Ride those atomic waves with compassion. Everything is connected and so are you even if you feel isolated.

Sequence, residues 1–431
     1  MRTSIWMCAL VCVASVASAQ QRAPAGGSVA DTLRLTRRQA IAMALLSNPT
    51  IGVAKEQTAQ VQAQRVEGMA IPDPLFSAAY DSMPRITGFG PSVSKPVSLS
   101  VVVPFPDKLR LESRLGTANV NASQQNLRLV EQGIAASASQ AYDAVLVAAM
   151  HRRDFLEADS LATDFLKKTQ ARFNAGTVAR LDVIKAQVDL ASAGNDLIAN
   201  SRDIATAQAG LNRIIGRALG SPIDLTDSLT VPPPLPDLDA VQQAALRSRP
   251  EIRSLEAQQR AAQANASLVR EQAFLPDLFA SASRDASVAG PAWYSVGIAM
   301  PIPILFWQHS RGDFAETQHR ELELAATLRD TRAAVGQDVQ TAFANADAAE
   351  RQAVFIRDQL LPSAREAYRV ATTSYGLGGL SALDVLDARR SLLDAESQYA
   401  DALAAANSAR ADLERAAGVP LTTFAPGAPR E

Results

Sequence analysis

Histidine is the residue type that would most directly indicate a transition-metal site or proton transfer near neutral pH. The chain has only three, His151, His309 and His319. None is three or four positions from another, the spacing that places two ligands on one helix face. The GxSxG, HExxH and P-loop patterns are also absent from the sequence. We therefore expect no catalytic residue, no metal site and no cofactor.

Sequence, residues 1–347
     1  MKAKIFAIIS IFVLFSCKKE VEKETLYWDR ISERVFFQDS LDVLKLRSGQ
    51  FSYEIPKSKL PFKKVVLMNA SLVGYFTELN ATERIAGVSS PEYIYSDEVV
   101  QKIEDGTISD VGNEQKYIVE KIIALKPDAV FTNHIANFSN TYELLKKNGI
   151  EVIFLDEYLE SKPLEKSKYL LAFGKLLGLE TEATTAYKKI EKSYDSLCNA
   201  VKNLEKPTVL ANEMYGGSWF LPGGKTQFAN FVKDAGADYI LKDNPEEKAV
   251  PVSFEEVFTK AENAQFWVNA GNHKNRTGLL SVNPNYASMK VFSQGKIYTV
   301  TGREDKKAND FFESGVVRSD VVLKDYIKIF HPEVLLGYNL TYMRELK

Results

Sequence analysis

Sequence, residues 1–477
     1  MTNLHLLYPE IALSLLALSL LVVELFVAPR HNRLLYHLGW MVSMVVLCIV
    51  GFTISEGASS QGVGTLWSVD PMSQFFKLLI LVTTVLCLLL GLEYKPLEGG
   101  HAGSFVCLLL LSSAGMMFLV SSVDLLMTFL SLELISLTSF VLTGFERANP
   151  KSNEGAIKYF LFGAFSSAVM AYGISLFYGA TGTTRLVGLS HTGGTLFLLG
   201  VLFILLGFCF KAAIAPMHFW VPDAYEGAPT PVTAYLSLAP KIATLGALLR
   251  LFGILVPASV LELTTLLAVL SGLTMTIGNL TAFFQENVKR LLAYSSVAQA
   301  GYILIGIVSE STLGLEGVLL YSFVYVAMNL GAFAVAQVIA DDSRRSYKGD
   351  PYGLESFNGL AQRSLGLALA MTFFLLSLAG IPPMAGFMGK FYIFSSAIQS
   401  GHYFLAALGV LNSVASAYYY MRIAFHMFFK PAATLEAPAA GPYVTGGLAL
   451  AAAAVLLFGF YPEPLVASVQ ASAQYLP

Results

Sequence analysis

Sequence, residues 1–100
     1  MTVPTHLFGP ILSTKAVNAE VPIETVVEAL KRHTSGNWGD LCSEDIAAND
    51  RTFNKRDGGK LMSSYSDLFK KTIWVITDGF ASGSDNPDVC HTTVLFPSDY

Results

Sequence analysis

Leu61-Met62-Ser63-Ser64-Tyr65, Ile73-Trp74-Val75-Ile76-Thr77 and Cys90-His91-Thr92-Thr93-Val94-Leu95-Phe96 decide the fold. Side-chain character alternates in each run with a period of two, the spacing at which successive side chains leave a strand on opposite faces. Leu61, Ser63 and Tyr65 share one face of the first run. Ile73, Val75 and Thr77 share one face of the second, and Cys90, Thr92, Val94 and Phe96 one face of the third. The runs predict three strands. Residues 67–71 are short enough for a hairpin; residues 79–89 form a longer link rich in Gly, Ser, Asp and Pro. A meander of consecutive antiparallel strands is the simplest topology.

As someone who writes a lot about climate solutions The stay in place order seemed to be a direct challenge to living with a net-zero carbon footprint. Of course, it would have been nice to have a few more acres to do some serious perennial gardening (fruit and nut trees, vines, and berries) but even with a small back yard I went from seed to salad greens in less then two months, microgreen and now they are huge and heady. Since lockdown my life has resembled what could be coined, The Modern Victorian Age, cooking to audible's Moby Dick, Gardening to the Frank Sinatra, working to classical music, sculpting, and painting to pastoral murder mysteries. Like many Victorians who felt distressed by mediocrity, elated by literature, shocked by culture, delighted to be home, I pacify many delinquent urges with walks on the mountain and botanical studies in my yard. I wasn't in a city and as rice and beans can tie me over I wasn't hungry. The opportunity for the languid boredom of the Victorians was replaced by a welling anxiety for what may still be to come for so many living in the margins. I spent time baking this discomfort into a simple life of natural pleasures and service to others and made a concerted effort to live by example. The Italian countryside in the '80s comes to mind, local food, local talent and no place to go but home with family and friends for happiness. Distance - socializing is oddly well-suited for our moment in history. There may be quite a lot that is worth keeping or considering.... home cooking, bird watching, working without pants, robotic manufacturing, universal access to healthcare, education, and basic income. what is not worth keeping is leadership that abuses power for profit. Leadership that is slow to rise to the warning signs of a pandemic and ill-prepared to protect its citizens. The only silver lining is that this pandemic has slowed two other major pandemics, chronic consumption, and restless travel disorder. We have cleaned the air, and our junk drawers, two challenging endeavors dusted in one news cycle. I am praying that somehow we as a society keep this slower pace and integrate it into a clean energy economy that is paid for restorative not destructive habits. It is also interesting that you are not allowed into a bank without a mask on. My new best friend is a small circle named Alexa indicating that indeed there are some big cultural shifts underway that may make low-carbon living easier. Maybe we will find ways to keep some of the benefits that we have experienced and do something about our failings we have uncovered. I also hope we all fall in love in a meaningful way with something bigger than ourselves. Needing to use power tools was the moment I realized life really is a community endeavor. A team effort is the name of the game and that is an essential service. Group zoom dinners won't ever be able to replace the in-person community experience. If we were being graded on our recent resiliency challenge how would you fare? Isolation is used historically as torment as well as a means to arrive at mental liberation. I teeter somewhere on the side of liberation. I give my self a solid B average on the liberated resiliency scale. It's a lot on your own, and I hope you did OK. I hope you found new ways to have fun. It's hard to feel settled in unsettling times and we would be wise to resist the urge to do so. Find friends that you are comfortable to be unsettled with, ones who can rise to the occasion of our times. Together we can restore our natural and institutional systems. The first step towards this isto have compassion for yourself as you learn to surf these uncertain times and gratitude for the waves that are our teachers.